Last October, Foo Fighters belted out the lyrics of their latest single, “Sky Is a Neighborhood,” to a sellout crowd of 6,000 at the opening night of Washington, D.C.’s newest music venue, The Anthem: “Gotta get to sleep somehow/Bangin’ on the ceiling/Keep it down!” But nobody in the adjacent apartment towers was doing any bangin’. They couldn’t hear a peep.
While those inside heard rich, clean, loud rock ’n’ roll.
Anthem owner Seth Hurwitz and developer Monty Hoffman of PN Hoffman, which built the $2.5 billion entertainment/residential/hotel/restaurant complex on D.C.’s Southwest Waterfront, set out to provide a top-tier music venue with great audio. They also wanted to be a good neighbor.
Hurwitz, whose I.M.P. owns the city’s Pollstar Award-winning 9:30 Club and runs the historic Merriweather Post Pavilion in nearby Columbia, Md., was looking to build a place with a capacity somewhere between the 1,200 of the 9:30 and the 18,000 of Merriweather. Besides those venues, he notes, “We were always renting venues, for decades, that were not built for music. Traditionally, promoters rent venues that were built for sports or civic or multi-use reasons. And audiences have just accepted this as a standard—these square peg in a round hole places.”
C. Russell Todd of Akustiks, Hoffman’s sound isolation consultant, knew from the beginning that Hurwitz wanted the intimacy of the 9:30 Club, but he wanted more people inside: “Seth said, ‘I just want to do this, but bigger.’ And then Monty added, ‘Yeah, and I want to put apartments right next to it.’ Everybody knew, ‘Okay, we’ve got our work cut out for us!’”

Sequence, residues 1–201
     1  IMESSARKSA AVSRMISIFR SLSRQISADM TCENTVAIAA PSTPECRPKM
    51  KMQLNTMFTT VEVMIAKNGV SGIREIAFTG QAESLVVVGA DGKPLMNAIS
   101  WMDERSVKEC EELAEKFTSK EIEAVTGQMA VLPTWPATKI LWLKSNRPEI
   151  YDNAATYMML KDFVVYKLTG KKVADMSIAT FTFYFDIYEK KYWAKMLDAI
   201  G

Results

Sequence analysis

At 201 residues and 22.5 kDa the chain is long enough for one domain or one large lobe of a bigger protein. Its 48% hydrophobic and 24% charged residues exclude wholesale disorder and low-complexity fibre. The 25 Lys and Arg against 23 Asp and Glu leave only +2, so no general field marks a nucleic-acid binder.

The overall design for The Wharf was handled for Hoffman by architect-planners Perkins Eastman, who designed the overall structure. The Anthem’s specific interior architectural design was by renowned designer David Rockwell and the Rockwell Group. While Akustiks worked on the developer side, Hurwitz brought in Walters-Storyk Design Group (project manager Josh Morris), with whom he’d worked previously on 9:30 and elsewhere, for peer review of acoustic, isolation and sound design.
On the isolation front, the design approach was one Akustiks had taken previously in concert hall design—though, in this case, in reverse. “We’re making a lot of sound and vibration inside the hall; here, we need to make sure it’s quiet on the outside,” s